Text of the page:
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Primary Care and Behavioral Health 2/4/2011 CIBHA.

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Presentation on theme: "Primary Care and Behavioral Health 2/4/2011 CIBHA."— Presentation transcript:


2 Primary Care and Behavioral Health 2/4/2011 CIBHA

3 Promising Provisions Affordable Care Act – Prevention and Public Health Trust FUND--PCBHI – Section 2703 Health Homes for Individuals with Chronic Conditions – Medicare Accountable Care Organizations Shared Savings Program – Dual Eligible Demonstration Projects

4 Health Homes States can currently amend Medicaid State Plan 90% match for 8 quarters for following health homes services: – Comprehensive Care Management – Care Coordination and Health Promotion – Patient and Family Support – Comprehensive Transitional Care – Referral to Community and Social Support Services

5 SAMHSA’S PCBHI PROGRAM Focus on coordination between primary care and specialty care: – Significant enhancements to primary care Workforce enhancements Increased funding to SAMHSA, HRSA and IHS Bi-directional – MH/SUD in primary care – Primary care in MH/SUD settings – Services and technical assistance – Pharmacy opportunities through partnering (340b program)

6 SAMHSA’S PCHBI PROGRAM 2009—Grant award to 9 sites 2010—Expanded to another 44 sites 2010—Developed the Training and Technical Assistance Center in cooperation with HRSA Worked with ASPE to develop specific outcome measures for participants

7 Health Homes For Medicaid enrollees with – two or more chronic conditions, – one condition and the risk of developing another, or – at least one serious and persistent mental health condition Conditions include: – a mental health condition, – a substance use disorder, – asthma, diabetes, – heart disease, and – being overweight* *as evidenced by a body mass index over 25.

8 Health Homes Providers: – Team of health care professionals physicians nurse care coordinator nutritionist, social worker, behavioral health professional – Can operate in a variety of settings Free standing teams, Virtual teams Hospital-based Community health center Community behavioral health centers Rural clinics Group practice Academic health center

9 Health Homes Flexibility in defining the service Flexibility in reimbursement strategies Outcomes are defined by state:

10 Medicare ACOs Organizations that may become an ACO – Physicians and other professionals in group practices – Physicians and other professionals in networks of practices – Partnerships or joint venture arrangements between hospitals and physicians/professionals – Hospitals employing physicians/professionals – Other approved by Secty.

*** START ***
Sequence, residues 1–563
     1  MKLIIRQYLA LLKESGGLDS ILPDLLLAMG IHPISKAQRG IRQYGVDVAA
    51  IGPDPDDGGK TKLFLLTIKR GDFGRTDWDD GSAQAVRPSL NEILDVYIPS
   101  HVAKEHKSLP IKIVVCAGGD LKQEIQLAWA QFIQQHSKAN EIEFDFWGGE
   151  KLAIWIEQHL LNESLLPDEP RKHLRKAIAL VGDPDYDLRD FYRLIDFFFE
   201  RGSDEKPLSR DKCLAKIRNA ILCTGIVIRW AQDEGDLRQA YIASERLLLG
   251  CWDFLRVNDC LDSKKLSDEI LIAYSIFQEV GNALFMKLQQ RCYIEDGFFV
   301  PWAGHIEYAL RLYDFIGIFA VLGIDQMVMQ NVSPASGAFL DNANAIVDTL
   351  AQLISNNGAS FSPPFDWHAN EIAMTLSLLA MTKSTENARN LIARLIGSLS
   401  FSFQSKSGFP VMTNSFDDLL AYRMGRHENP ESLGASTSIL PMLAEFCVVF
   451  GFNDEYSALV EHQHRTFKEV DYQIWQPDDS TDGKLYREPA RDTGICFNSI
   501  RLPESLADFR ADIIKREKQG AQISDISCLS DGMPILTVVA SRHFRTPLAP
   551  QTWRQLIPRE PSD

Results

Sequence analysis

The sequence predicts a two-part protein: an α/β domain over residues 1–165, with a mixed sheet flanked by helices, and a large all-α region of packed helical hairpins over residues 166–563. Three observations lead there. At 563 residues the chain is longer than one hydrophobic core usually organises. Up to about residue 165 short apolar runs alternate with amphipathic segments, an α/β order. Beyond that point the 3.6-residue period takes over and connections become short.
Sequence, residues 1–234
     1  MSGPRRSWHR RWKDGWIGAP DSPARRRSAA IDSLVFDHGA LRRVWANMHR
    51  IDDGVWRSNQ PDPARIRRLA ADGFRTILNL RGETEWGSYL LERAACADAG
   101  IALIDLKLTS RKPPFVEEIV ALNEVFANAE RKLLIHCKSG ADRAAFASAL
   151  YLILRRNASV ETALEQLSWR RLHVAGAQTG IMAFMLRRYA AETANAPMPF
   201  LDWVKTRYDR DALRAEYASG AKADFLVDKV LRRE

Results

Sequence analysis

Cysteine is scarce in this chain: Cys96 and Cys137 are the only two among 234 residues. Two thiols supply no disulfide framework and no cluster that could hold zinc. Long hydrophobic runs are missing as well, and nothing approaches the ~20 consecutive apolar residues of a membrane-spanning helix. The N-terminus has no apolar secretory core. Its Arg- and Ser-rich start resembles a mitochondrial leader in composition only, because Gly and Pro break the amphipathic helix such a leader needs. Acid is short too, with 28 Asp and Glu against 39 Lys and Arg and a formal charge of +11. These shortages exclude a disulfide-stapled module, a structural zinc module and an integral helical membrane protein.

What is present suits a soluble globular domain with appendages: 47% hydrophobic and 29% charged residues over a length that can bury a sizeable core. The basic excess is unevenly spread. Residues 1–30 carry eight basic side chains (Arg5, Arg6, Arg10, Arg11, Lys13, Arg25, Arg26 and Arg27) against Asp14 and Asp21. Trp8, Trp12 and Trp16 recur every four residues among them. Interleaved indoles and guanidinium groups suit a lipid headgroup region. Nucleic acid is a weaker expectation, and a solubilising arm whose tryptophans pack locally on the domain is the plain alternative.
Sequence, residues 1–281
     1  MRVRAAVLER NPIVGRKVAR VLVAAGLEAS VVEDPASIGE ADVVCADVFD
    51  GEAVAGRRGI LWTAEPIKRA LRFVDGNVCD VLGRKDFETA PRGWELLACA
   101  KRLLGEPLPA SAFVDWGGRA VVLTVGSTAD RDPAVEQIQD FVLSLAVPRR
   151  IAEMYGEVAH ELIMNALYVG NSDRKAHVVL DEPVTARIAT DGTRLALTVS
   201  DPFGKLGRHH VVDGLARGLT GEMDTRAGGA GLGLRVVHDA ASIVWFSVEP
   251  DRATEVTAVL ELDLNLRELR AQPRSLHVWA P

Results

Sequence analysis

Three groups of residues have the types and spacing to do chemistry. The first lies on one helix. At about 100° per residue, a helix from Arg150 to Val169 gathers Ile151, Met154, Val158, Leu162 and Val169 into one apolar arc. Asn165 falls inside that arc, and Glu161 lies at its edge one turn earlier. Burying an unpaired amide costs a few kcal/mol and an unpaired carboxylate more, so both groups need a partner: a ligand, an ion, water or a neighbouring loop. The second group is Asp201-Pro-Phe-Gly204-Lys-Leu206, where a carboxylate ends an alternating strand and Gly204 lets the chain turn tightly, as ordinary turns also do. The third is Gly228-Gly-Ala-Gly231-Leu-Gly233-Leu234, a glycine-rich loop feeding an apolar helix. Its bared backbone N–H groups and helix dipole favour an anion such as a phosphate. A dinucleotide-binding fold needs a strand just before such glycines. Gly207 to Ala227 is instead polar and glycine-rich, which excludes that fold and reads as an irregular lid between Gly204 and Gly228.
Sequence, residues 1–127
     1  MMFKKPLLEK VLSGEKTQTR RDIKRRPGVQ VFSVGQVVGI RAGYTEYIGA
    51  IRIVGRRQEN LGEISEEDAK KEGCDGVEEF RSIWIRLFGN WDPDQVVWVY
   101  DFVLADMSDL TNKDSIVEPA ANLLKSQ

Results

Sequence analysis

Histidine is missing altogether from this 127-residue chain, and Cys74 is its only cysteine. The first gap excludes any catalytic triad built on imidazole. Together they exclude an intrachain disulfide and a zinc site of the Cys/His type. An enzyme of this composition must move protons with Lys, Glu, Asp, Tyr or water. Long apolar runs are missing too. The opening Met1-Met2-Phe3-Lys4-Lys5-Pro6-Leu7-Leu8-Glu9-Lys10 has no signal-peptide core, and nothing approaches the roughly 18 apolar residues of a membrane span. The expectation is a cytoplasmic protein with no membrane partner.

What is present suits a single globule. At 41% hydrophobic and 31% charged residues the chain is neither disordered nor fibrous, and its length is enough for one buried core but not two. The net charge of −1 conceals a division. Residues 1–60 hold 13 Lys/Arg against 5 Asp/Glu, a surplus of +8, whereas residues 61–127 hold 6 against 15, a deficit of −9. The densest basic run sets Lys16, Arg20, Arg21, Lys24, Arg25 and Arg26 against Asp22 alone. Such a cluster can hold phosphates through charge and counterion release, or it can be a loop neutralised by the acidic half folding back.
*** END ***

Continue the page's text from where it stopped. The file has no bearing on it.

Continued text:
11 Medicare ACOs Requirements of ACOs – Have a formal legal structure to receive and distribute shared savings – Have a sufficient number of primary care professionals for the number of assigned beneficiaries (to be 5,000 at a minimum) – Agree to participate in the program for not less than a 3-year period – Can match physicians and patients – Have a leadership and management structure – Have defined processes to (a) promote evidenced-based medicine, (b) report the necessary data to evaluate quality and cost measures (c) coordinate care – Demonstrate it meets patient-centeredness criteria, as determined by the Secretary

12 Dual Eligibles Why focus on dual eligibles? – Approaching $300 B in expenditures in 2010 – Most have 2-5 chronic conditions – More likely to be institutionalized/hospitalized – States have incentives, but no plausible strategies to connect information or payment – 60% of all duals have a ID/BH condition

13 Dual Eligible Demos Two Current Initiatives: – Sharing Medicare Part A, B and D data with states—get a composite look at what persons gets/gaps – $15 million in design grants to States (2/1). Goal—identify and validate service delivery and payment integration models Models can be rapidly tested Spread to other states


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